Purpose: TO DISCUSS AND INVESTIGATE WAYS THAT THE AFRICAN AMBASSADORS CORP. (UN), HUMPTY DUMPTY INST., AND MEMBERS OF CONGRESS COULD WORK CLOSER ON ISSUES RELATING TO SECURITY AND ECONOMIC DEVELOPMENT IN AFRICA.
Date: Jan 16, 2004 (1 day)
Expense: $773.23
source

Destination: VIRGIN ISLANDS
Sponsor: CBCF AND ELI LILY
Purpose: TO STUDY MINORITY HEALTH DISPARITIES SPECIFICALLY IN THE MENTAL HEALTH ARENA.
Date: Apr 8, 2004 (2 days)
Expense: $918.42
source

Destination: NY
Sponsor: Humpty Dumpty Institute
Purpose: UN FACT FINDING TRIP.
Date: May 6, 2004 (1 day)
Expense: $619.10
source

Destination: NAIROBI - ENTEBBE, UGANDA
Sponsor: Catholic Relief Services
Purpose: EXAMINE INTERNALLY DISPLACED PEOPLE AND REFUGEE CAMPS IN SOUTHERN SUDAN AND UGANDA.
Date: May 22, 2004 (9 days)
Expense: $3,612.40
source

Destination: SEATTLE
Sponsor: Federal Home Loan Bank of Seattle
Purpose: FACT FINDING AND EDUCATIONAL BRIEFING ON THE FEDERAL HOME LOAN BANK AND THE HISTORY OF THE GOVERNMENT SPONSORED ENTERPRISES.
Date: Aug 12, 2004 (2 days)
Expense: $2,551.94
source

Destination: HEATHROW, UK TO CAPE TOWN, SOUTH AFRICA
Sponsor: CHICAGO COUNCIL ON FOREIGN RELATIONS AND SOUTH AFRICAN INSTITUTE ON INTERNATIONAL RELATIONS
Purpose: PARTICIPATE ON TRANSATLANTIC COMMUNITY CONFERENCE REGARDING TRANSATLANTIC TOPICS LIKE WAR ON TERROR, TRADE AND ECONOMIC SECURITY, ETC.
Date: Nov 9, 2004 (5 days)
Expense: $2,329.00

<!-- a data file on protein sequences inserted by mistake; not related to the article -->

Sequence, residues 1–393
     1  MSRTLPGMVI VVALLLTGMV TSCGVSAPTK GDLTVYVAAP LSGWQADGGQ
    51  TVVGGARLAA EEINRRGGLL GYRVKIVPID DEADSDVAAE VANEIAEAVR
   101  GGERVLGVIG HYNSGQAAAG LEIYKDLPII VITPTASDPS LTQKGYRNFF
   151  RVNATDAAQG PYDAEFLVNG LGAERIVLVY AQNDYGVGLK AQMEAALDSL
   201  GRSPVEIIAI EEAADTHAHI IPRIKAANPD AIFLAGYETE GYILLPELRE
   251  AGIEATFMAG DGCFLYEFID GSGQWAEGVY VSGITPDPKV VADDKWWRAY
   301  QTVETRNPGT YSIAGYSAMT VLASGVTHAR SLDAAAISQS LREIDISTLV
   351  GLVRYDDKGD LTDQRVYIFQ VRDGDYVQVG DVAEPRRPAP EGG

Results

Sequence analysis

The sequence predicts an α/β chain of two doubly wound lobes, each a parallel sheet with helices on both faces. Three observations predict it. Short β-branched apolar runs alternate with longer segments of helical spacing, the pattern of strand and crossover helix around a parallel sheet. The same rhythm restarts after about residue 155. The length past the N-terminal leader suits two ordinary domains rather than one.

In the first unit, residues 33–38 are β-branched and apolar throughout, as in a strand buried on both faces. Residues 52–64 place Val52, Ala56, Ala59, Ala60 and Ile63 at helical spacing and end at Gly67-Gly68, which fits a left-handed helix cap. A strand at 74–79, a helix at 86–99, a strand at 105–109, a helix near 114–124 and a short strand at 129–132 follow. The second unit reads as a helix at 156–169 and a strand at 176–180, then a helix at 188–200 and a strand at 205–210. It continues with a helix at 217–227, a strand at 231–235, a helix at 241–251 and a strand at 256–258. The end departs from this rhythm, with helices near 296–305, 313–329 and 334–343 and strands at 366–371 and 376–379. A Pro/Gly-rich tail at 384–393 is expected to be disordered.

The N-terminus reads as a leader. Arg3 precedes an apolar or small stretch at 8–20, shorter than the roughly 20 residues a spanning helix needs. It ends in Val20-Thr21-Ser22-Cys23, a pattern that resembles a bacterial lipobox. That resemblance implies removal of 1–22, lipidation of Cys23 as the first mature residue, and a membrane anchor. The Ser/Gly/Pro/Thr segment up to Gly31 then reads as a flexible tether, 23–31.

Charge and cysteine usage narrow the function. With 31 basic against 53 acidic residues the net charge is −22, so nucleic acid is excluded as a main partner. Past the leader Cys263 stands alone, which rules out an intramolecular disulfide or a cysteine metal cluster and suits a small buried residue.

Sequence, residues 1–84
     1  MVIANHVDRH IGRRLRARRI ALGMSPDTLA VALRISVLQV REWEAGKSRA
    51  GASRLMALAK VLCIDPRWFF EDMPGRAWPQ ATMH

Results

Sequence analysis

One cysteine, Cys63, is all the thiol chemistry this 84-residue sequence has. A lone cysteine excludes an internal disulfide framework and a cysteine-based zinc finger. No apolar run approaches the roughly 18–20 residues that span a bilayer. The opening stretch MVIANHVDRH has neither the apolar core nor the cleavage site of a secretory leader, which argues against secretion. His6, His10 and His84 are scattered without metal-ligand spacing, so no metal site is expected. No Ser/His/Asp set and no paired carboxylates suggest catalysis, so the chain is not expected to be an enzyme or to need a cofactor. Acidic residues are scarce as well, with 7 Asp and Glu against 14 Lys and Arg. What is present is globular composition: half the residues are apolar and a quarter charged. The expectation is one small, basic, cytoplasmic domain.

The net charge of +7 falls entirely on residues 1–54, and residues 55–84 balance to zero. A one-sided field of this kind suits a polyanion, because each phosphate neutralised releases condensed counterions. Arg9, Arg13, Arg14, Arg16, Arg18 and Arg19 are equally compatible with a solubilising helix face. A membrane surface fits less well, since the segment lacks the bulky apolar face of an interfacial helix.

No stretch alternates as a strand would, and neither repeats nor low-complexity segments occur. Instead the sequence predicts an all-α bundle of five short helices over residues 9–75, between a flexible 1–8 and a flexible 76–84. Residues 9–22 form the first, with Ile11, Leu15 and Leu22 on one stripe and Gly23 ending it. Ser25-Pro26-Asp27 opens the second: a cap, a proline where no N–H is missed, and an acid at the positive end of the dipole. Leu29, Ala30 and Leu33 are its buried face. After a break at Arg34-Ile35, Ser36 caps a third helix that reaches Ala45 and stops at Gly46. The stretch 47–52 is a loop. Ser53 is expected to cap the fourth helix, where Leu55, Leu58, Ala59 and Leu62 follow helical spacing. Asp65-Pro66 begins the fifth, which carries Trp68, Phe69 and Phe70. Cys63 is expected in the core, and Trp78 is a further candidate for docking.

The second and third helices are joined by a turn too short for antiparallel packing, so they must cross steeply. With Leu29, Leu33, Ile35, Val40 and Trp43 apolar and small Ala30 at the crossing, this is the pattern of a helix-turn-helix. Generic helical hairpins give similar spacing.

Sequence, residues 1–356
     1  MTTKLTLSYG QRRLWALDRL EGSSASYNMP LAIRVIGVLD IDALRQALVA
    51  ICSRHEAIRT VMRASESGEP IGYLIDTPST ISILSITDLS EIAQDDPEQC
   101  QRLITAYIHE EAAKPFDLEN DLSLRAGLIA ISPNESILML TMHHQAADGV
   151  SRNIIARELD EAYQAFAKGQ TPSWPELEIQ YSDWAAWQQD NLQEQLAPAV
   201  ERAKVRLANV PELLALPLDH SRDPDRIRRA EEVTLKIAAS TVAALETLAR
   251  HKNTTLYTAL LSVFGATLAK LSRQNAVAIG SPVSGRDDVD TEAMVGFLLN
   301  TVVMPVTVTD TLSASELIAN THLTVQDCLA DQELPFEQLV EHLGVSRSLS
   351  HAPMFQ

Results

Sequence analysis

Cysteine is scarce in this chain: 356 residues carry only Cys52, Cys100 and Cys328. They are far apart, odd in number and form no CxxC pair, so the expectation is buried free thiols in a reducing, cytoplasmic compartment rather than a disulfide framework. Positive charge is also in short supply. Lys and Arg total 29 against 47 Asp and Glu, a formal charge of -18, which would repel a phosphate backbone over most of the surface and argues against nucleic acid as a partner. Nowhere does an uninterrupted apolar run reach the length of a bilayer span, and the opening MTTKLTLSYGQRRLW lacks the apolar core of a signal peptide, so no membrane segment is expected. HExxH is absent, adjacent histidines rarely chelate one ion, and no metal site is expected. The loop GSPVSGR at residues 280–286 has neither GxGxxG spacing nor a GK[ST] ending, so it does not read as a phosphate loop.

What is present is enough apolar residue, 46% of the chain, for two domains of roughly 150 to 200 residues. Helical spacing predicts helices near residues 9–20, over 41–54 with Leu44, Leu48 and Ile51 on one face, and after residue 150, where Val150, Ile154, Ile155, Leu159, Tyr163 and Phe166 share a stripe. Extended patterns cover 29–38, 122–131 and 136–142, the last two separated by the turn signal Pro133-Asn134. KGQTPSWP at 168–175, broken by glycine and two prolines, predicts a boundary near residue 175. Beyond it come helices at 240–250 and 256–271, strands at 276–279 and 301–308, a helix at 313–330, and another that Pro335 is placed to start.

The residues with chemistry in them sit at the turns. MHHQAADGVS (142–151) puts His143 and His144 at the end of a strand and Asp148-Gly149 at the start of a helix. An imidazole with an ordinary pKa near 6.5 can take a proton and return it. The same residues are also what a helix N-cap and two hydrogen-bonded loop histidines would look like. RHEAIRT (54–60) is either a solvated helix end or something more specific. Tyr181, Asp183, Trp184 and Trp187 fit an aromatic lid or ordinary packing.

source

Destination: FRANCE TO RABAT, MOROCCO TO CASA BLANCA TO MARRAKECH
Sponsor: Ribat Al Fath Association for Sustainable Development
Purpose: TO REVIEW SOCIAL, ECONOMIC AND POLITICAL CHANGES IN MOROCCO, AND THE ONGOING DISPUTED WESTERN SAHARA TERRITORY
Date: Jul 2, 2005 (7 days)
Expense: $4,645.00
source



* - Trips by all travelers named Aysha House-Moshi.


American RadioWorks |
Image via Wikimedia Commons.

Minorities and Special Ed

For years policy makers believed that minorities were overrepresented in special education and that there was inherent bias in the way kids were being identified as disabled. A new study turns this idea on its head.

Recent Posts

  • 06.23.15

    Learning from Video Games

    A lot of parents worry about whether their kids' video game habits are harmful - especially when gaming gets in the way of homework or reading. But writer Greg Toppo says gaming can be a great way to learn.
  • 06.17.15

    Teaching the Birds and the Bees

    For more than a century, Americans have been arguing about how to teach children about the birds and the bees in public schools. A new book argues that for all the fuss about sex education in America, students get precious little of it.
  • 06.11.15

    What can Japan teach us about teaching?

    Coming up this fall we'll be releasing a documentary about teacher preparation - how people learn to become teachers and how they get better once they're in the classroom. This week: how do Japanese teachers learn to improve on the job?
  • 06.02.15

    Million-Dollar Teacher

    When Nancie Atwell was growing up, she never thought she’d go to college, let alone become an award-winning teacher. But a few months ago, Atwell received a $1-million-dollar global prize for her decades of teaching English and literacy skills to elementary and middle schoolers.